Any indication that a foreign government played a role in a terrorist attack on U.S. soil is a matter of deep concern and merits a forceful, unified Federal Government response that considers the wide range of important and effective tools available. One of these tools is designating the foreign government in question as a state sponsor of terrorism, which carries with it a litany of repercussions, including the foreign government being stripped of its sovereign immunity before U.S. courts in certain terrorism-related cases and subjected to a range of sanctions. Given these serious consequences, state sponsor of terrorism designations are made only after national security, foreign policy, and intelligence professionals carefully review all available information to determine whether a country meets the criteria that the Congress established.

    In contrast, JASTA departs from longstanding standards and practice under our Foreign Sovereign Immunities Act and threatens to strip all foreign governments of immunity from judicial process in the United States based solely upon allegations by private litigants that a foreign government's overseas conduct had some role or connection to a group or person that carried out a terrorist attack inside the United States. This would invite consequential decisions to be made based upon incomplete information and risk having different courts reaching different conclusions about the culpability of individual foreign governments and their role in terrorist activities directed against the United States -- which is neither an effective nor a coordinated way for us to respond to indications that a foreign government might have been behind a terrorist attack.

    Second, JASTA would upset longstanding international principles regarding sovereign immunity, putting in place rules that, if applied globally, could have serious implications for U.S. national interests. The United States has a larger international presence, by far, than any other country, and sovereign immunity principles protect our Nation and its Armed Forces, officials, and assistance professionals, from foreign court proceedings. These principles also protect U.S. Government assets from attempted seizure by private litigants abroad. Removing sovereign immunity in U.S. courts from foreign governments that are not designated as state sponsors of terrorism, based solely on allegations that such foreign governments' actions abroad had a connection to terrorism-related injuries on U.S. soil, threatens to undermine these longstanding principles that protect the United States, our forces, and our personnel.

    Indeed, reciprocity plays a substantial role in foreign relations, and numerous other countries already have laws that allow for the adjustment of a foreign state's immunities based on the treatment their governments receive in the courts of the other state. Enactment of JASTA could encourage foreign governments to act reciprocally and allow their domestic courts to exercise jurisdiction over the United States or U.S. officials -- including our men and women in uniform -- for allegedly causing injuries overseas via U.S. support to third parties. This could lead to suits against the United States or U.S. officials for actions taken by members of an armed group that received U.S. assistance, misuse of U.S. military equipment by foreign forces, or abuses committed by police units that received U.S. training, even if the allegations at issue ultimately would be without merit. And if any of these litigants were to win judgments -- based on foreign domestic laws as applied by foreign courts -- they would begin to look to the assets of the U.S. Government held abroad to satisfy those judgments, with potentially serious financial consequences for the United States.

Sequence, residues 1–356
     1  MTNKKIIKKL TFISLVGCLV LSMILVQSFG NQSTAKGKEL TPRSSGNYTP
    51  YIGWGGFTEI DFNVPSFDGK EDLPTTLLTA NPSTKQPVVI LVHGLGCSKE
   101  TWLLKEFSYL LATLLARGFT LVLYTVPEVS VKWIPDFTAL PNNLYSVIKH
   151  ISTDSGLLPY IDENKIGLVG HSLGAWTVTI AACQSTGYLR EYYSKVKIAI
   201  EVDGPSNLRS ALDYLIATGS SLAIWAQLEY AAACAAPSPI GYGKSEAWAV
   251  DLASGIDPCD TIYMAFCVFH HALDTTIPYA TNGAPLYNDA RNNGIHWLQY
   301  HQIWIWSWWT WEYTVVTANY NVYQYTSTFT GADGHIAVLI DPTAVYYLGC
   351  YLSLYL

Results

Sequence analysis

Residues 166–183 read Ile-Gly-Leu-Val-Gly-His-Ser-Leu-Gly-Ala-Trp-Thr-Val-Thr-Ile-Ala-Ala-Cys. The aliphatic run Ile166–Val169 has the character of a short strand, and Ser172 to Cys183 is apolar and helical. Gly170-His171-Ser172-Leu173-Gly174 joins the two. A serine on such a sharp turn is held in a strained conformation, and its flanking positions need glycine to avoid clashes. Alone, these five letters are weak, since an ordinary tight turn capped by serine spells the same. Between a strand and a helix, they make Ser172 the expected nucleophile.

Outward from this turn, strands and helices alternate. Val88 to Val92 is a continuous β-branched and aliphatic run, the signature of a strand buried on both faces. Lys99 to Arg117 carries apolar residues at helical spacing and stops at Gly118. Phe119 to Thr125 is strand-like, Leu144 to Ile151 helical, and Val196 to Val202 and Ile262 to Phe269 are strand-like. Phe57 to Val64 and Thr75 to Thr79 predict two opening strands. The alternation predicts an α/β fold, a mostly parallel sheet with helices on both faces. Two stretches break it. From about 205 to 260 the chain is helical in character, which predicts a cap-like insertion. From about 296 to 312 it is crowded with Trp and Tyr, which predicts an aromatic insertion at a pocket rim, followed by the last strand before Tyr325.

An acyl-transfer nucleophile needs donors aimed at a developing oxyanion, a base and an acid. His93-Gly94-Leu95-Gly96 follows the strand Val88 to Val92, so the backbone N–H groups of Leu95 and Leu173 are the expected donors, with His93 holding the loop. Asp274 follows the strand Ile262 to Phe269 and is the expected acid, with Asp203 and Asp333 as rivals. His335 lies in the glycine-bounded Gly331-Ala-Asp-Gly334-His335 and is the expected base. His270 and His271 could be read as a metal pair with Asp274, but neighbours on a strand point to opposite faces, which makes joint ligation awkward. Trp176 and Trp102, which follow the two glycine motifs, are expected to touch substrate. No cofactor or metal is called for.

Third, JASTA threatens to create complications in our relationships with even our closest partners. If JASTA were enacted, courts could potentially consider even minimal allegations accusing U.S. allies or partners of complicity in a particular terrorist attack in the United States to be sufficient to open the door to litigation and wide-ranging discovery against a foreign country -- for example, the country where an individual who later committed a terrorist act traveled from or became radicalized. A number of our allies and partners have already contacted us with serious concerns about the bill. By exposing these allies and partners to this sort of litigation in U.S. courts, JASTA threatens to limit their cooperation on key national security issues, including counterterrorism initiatives, at a crucial time when we are trying to build coalitions, not create divisions.

    The 9/11 attacks were the worst act of terrorism on U.S. soil, and they were met with an unprecedented U.S. Government response. The United States has taken robust and wide-ranging actions to provide justice for the victims of the 9/11 attacks and keep Americans safe, from providing financial compensation for victims and their families to conducting worldwide counterterrorism programs to bringing criminal charges against culpable individuals. I have continued and expanded upon these efforts, both to help victims of terrorism gain justice for the loss and suffering of their loved ones and to protect the United States from future attacks. The JASTA, however, does not contribute to these goals, does not enhance the safety of Americans from terrorist attacks, and undermines core U.S. interests.